Cultivating Oncology Breakthroughs With Translational Genomics at Atlantic Health System

Sponsored by Atlantic Health System

Partners | Sponsored | <b>Atlantic Health System</b>

Eric D. Whitman, MD, discusses the clinical trial program at Atlantic Health System, a large nonprofit health care network in New Jersey, and how partnering with the Translational Genomics Research Institute will help to bring better care to patients with cancer.

After partnering with the Translational Genomics Research Institute (TGen), a world of possibilities has opened at Atlantic Health System with collaborative translational research efforts on the horizon promising to improve care for patients with cancer and inspire innovative future research efforts, according to Eric D. Whitman, MD.

One of the innovations to emerge from the partnership is the Breakthrough Oncology Accelerator, a flagship platform with the goal of cultivating a model that will enable health systems in the United States to provide more rapid and improved patient outcomes by helping investigators to share their insights and provide more options to patients.1

“In just a short time, we’ve opened over 25 clinical trials as part of this partnership. This includes drugs and technologies that are truly groundbreaking, [but are] available at only a handful of sites around the world, much less in this region. Before the [Breakthrough Oncology] Accelerator, we never would have had these trials,” Whitman said in a statement on the platform. “It’s important for our patients and community to have access to these breakthrough treatments. This supports our goal: to make each patient’s cancer care experience unique, personalized, and most of all, life-extending.”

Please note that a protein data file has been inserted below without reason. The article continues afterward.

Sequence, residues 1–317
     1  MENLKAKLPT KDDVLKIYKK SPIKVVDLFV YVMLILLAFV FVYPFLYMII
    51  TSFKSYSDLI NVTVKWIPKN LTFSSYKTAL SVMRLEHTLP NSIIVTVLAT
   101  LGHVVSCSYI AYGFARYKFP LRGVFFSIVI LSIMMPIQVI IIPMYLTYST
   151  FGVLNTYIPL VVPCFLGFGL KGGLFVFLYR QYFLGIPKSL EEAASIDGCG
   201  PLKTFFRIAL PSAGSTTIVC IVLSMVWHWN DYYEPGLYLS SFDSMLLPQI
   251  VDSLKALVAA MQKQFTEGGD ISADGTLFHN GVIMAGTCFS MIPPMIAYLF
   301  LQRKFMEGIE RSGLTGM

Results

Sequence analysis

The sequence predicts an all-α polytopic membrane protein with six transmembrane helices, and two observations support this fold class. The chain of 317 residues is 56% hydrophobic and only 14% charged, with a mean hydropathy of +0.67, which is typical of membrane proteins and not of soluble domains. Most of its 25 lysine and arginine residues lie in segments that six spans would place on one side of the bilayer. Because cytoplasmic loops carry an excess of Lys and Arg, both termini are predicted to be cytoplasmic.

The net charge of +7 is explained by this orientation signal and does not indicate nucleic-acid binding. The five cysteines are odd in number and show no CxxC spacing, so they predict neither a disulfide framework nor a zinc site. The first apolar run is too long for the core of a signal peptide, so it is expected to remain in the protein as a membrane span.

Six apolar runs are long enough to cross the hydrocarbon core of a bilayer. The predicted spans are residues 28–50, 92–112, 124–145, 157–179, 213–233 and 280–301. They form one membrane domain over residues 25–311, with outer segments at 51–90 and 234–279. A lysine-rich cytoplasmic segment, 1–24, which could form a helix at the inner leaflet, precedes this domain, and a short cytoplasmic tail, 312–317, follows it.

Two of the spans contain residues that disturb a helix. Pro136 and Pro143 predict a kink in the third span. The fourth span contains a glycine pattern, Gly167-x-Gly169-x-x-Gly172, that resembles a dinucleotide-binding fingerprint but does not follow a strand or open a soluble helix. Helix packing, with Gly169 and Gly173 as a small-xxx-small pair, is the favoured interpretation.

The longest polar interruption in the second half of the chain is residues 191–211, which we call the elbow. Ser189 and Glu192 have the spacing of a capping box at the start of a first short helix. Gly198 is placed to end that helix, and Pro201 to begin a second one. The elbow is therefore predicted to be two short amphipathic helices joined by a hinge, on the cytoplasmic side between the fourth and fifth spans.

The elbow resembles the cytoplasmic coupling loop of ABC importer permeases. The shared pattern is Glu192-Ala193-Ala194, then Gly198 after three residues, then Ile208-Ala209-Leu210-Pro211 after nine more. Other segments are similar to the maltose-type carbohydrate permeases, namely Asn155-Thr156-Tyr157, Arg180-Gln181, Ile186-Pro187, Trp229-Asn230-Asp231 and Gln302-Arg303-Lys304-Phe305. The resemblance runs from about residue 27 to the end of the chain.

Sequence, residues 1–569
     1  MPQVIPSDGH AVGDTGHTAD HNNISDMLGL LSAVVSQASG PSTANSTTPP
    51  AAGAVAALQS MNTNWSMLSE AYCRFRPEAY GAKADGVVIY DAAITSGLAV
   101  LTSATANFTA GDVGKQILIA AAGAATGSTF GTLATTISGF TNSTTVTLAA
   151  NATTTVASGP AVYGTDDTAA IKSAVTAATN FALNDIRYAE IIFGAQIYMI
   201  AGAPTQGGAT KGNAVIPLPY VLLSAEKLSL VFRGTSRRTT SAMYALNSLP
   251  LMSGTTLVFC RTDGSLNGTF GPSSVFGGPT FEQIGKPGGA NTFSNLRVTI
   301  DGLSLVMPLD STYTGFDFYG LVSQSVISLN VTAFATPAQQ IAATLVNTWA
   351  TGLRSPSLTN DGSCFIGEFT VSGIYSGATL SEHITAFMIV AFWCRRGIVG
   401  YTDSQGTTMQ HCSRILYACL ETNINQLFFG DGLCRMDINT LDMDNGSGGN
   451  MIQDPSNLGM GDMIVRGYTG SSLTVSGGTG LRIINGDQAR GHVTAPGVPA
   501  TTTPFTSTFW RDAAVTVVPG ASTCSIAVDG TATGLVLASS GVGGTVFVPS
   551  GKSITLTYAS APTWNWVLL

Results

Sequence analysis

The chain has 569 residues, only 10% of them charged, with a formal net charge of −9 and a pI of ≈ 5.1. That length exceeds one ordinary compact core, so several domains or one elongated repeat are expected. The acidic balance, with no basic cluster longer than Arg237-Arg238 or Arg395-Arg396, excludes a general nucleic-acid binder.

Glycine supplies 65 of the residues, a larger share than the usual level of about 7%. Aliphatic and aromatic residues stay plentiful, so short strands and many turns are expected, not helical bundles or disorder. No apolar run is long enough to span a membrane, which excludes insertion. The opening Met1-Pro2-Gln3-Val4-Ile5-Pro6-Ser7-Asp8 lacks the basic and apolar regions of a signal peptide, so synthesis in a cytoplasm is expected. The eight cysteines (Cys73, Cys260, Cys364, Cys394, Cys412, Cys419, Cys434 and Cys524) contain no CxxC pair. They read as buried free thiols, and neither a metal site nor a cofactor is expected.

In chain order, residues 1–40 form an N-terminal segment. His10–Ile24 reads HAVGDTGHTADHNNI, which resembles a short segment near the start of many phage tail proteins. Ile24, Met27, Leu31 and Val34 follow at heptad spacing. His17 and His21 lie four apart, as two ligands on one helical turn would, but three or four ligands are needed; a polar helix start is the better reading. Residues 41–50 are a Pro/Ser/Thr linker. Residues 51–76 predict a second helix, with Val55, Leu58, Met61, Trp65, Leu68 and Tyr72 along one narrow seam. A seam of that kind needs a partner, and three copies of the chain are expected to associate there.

Atlantic Health System offers innovative cancer therapies and advanced diagnostics, as well as minimally invasive surgery and modern medical technology.2 Medical centers under their purview have participated in clinical research assessing investigational cancer drugs for over 20 years, results of which have sometimes led to approvals of treatment by the FDA. This includes developments in targeted therapies for patients with melanoma, breast, and ovarian cancer, as well as innovations in immunotherapy and gene therapy for those with cancers of the skin. Currently, clinical trials at Atlantic Health offer patients a number of different treatment modalities depending on the disease, including immunotherapy, cellular therapy, gene therapy, radiation therapy, and both orally and intravenously administered treatments. Numerous trials also aim to find better therapy options for patients with advanced and metastatic disease.

In addition to the Breakthrough Oncology Accelerator TGen partnership, the clinical trial program has gone through a period of growth in keeping with these cancer care strategies. In 2018, a consortium led by Atlantic Health System was awarded a National Cancer Institute (NCI) sponsored Community Oncology Research Program grant, one of only 32 in the country. The Atlantic Health Cancer Consortium includes other hospitals and health systems to improve cancer screening, prevention, clinical care, and post-treatment survivorship by increasing access to clinical research.

In an interview with CancerNetwork®, Whitman, the medical director of the Atlantic Health System oncology service line, expands on the open clinical trials that are available through his organization, as well as how their work with TGen will lead to better cancer care.

Atlantic Health Partners With Translational Genomics to Strengthen Clinical Trial Program

Three years ago, Atlantic Health System partnered with TGen to create the Breakthrough Oncology Accelerator, according to Whitman. The goal of the flagship platform is to facilitate participation in clinical trials that rapidly collect data and evidence and can lead to a drug’s approval by the FDA. The partnership seeks to leverage the proprietary platforms, expertise, and collaborations of Atlantic Health and TGen to bring additional resources to oncologists in the field.